verb (used without object), pa·trolled, pa·trol·ling.
verb (used with object), pa·trolled, pa·trol·ling.
Origin of patrol
Related Words for patrolvigilance, garrison, safeguard, inspect, cruise, lookout, spy, watching, watch, protection, sentinel, scouting, policing, escorting, protecting, pound, police, mount, range, shotgun
Examples from the Web for patrol
Contemporary Examples of patrol
“They just walk around, they ride in their patrol cars, and they just pass by,” he said.Ground Zero of the NYPD Slowdown
January 1, 2015
Brinsley stepped up to the passenger side of the patrol car, raised a silver Taurus semi-automatic pistol and began firing.'Please Don't Die!': The Frantic Battle to Save Murdered Cops
December 22, 2014
Lewis and the men he was with were given a goat and chicken that they were expected to kill and eat while on patrol.A West Point MVP Who Never Played a Down
December 13, 2014
On Southland, McKenzie played Ben Sherman, a patrol officer on the mean streets of Los Angeles.Ben McKenzie’s Journey From Reluctant Teen Idol on ‘The O.C.’ to Sheriff of ‘Gotham’
November 4, 2014
But uniformed guards do not patrol the halls of even the highest-risk units.Inside a Hospital for the Criminally Insane
September 15, 2014
Historical Examples of patrol
Scarcely a night went by without its patrol or ambulance case.K
Mary Roberts Rinehart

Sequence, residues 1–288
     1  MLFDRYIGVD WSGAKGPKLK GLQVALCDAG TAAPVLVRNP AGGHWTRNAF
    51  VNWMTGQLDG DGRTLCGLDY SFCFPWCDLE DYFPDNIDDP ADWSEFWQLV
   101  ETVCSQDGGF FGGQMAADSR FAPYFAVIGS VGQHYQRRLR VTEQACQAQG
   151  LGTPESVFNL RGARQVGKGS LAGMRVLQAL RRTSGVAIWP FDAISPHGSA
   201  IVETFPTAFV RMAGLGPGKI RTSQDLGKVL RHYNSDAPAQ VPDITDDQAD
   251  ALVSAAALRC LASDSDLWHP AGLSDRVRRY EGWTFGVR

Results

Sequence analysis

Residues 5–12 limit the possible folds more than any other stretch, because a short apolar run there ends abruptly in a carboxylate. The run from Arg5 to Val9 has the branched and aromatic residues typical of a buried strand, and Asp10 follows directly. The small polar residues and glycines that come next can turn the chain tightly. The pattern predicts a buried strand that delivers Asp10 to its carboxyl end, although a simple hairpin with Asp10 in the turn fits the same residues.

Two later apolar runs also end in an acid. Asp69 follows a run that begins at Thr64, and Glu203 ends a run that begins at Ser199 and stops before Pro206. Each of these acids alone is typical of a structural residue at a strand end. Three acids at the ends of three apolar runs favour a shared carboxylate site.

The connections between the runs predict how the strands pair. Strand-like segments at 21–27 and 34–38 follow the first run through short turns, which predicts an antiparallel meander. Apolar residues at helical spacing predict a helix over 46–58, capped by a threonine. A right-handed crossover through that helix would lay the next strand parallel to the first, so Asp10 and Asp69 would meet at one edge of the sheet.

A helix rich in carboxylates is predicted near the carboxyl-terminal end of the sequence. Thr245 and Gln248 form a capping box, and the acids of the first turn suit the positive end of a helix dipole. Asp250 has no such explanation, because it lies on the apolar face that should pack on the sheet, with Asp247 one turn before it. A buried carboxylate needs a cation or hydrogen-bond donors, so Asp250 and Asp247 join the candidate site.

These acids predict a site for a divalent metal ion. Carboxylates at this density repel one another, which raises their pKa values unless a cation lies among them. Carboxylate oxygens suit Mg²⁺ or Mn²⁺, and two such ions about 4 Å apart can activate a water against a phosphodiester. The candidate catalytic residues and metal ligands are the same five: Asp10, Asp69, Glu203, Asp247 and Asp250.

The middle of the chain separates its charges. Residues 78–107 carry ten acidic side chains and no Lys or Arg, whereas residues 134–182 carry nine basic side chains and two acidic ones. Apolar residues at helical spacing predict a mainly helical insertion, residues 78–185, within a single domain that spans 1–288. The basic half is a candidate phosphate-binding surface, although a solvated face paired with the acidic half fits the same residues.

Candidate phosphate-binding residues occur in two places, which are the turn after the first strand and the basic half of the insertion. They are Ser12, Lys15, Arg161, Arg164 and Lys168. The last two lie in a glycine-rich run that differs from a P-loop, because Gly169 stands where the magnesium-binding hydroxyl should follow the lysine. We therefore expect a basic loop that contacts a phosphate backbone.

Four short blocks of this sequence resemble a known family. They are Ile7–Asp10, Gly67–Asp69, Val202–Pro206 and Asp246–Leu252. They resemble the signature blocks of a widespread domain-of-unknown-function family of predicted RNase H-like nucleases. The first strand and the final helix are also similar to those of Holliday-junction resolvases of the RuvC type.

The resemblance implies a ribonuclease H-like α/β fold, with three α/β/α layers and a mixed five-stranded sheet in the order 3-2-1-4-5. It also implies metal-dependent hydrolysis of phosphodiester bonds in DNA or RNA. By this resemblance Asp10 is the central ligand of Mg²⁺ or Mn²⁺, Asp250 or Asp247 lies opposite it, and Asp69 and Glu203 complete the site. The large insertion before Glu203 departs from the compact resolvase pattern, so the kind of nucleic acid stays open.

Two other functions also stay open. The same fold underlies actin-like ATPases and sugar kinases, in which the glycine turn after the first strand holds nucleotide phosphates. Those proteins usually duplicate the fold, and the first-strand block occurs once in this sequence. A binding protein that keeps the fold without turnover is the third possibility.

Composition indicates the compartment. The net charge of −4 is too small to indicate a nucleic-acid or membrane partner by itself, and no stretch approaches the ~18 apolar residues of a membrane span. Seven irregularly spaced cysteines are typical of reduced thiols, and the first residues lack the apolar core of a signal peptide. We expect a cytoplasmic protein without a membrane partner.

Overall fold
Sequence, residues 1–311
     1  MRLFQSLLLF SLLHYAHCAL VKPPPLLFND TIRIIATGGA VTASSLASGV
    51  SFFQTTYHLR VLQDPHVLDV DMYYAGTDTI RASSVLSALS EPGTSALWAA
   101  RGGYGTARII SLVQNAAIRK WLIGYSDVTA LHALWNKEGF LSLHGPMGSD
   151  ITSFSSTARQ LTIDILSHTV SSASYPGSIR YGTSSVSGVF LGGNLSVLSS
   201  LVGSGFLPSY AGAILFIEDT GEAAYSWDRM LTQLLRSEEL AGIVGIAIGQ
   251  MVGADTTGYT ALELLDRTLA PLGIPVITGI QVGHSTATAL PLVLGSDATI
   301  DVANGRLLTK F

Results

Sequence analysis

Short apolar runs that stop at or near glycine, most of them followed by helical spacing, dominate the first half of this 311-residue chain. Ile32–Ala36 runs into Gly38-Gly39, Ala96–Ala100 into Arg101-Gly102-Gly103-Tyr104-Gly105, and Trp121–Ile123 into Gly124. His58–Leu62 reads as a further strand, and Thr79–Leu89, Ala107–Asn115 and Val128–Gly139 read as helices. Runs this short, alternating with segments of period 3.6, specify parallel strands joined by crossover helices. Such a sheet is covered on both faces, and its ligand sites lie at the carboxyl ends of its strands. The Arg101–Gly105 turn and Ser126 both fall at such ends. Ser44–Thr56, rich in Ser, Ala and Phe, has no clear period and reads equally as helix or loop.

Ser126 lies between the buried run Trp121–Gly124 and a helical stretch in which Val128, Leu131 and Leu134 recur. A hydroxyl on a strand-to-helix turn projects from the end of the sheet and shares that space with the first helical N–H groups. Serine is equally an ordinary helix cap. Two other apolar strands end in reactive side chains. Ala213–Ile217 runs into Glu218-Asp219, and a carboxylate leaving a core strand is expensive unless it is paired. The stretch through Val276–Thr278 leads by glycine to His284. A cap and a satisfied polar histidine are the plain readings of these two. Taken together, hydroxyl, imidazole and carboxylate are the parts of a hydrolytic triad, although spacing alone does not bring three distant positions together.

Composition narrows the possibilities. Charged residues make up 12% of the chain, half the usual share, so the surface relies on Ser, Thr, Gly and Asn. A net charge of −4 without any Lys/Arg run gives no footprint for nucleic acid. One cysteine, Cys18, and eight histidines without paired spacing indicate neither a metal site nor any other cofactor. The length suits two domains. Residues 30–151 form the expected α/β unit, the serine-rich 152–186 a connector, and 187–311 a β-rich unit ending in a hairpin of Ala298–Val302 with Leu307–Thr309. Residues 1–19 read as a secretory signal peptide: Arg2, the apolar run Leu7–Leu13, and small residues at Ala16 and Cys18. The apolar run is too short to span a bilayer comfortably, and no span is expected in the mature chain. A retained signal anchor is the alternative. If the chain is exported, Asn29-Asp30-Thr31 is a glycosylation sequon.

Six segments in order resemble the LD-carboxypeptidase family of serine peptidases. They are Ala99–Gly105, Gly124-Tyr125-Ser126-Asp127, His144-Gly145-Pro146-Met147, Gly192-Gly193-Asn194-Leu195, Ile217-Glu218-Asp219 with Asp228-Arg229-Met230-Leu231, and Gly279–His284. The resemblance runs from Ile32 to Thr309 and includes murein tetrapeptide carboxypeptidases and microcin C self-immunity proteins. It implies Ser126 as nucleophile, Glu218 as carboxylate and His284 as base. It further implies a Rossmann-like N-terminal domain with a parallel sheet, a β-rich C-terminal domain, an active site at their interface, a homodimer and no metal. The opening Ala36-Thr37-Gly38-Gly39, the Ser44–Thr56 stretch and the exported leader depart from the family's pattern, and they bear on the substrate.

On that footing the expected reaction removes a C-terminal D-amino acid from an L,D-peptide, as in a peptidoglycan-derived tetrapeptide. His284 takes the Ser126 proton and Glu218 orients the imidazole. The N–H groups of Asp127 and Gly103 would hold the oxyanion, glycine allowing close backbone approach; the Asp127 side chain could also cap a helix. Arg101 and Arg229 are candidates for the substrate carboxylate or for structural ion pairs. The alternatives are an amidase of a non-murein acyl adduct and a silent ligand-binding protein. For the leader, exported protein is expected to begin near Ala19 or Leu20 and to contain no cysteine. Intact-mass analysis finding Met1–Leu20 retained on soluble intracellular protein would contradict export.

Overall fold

The men in the canoe were surely keen of eye, and they must be a patrol.The Rock of Chickamauga
Joseph A. Altsheler
I set off with all speed, and when I arrived there was a Prussian patrol at the cottage.A Comedy of Marriage and Other Tales
Guy De Maupassant
Possibly, after all, the man was merely a patrol from some outlying station.The Law-Breakers
I'll tell you what you might do, Chance: you might patrol the roads on the edge of town.Sure Pop and the Safety Scouts
Roy Rutherford Bailey
verb -trols, -trolling or -trolled
Word Origin for patrol
1660s, "action of going the rounds" (of a military camp, etc.), from French patrouille "a night watch" (1530s), from patrouiller "go the rounds to watch or guard," originally "tramp through the mud," probably soldiers' slang, from Old French patouiller "paddle in water," probably from pate "paw, foot" (see patten). Compare paddlefoot, World War II U.S. Army slang for "infantry soldier." Meaning "those who go on a patrol" is from 1660s. Sense of "detachment of soldiers sent out to scout the countryside, the enemy, etc." is attested from 1702.
1690s, from patrol (n.) and in part from French patrouiller. Related: Patrolled; patrolling.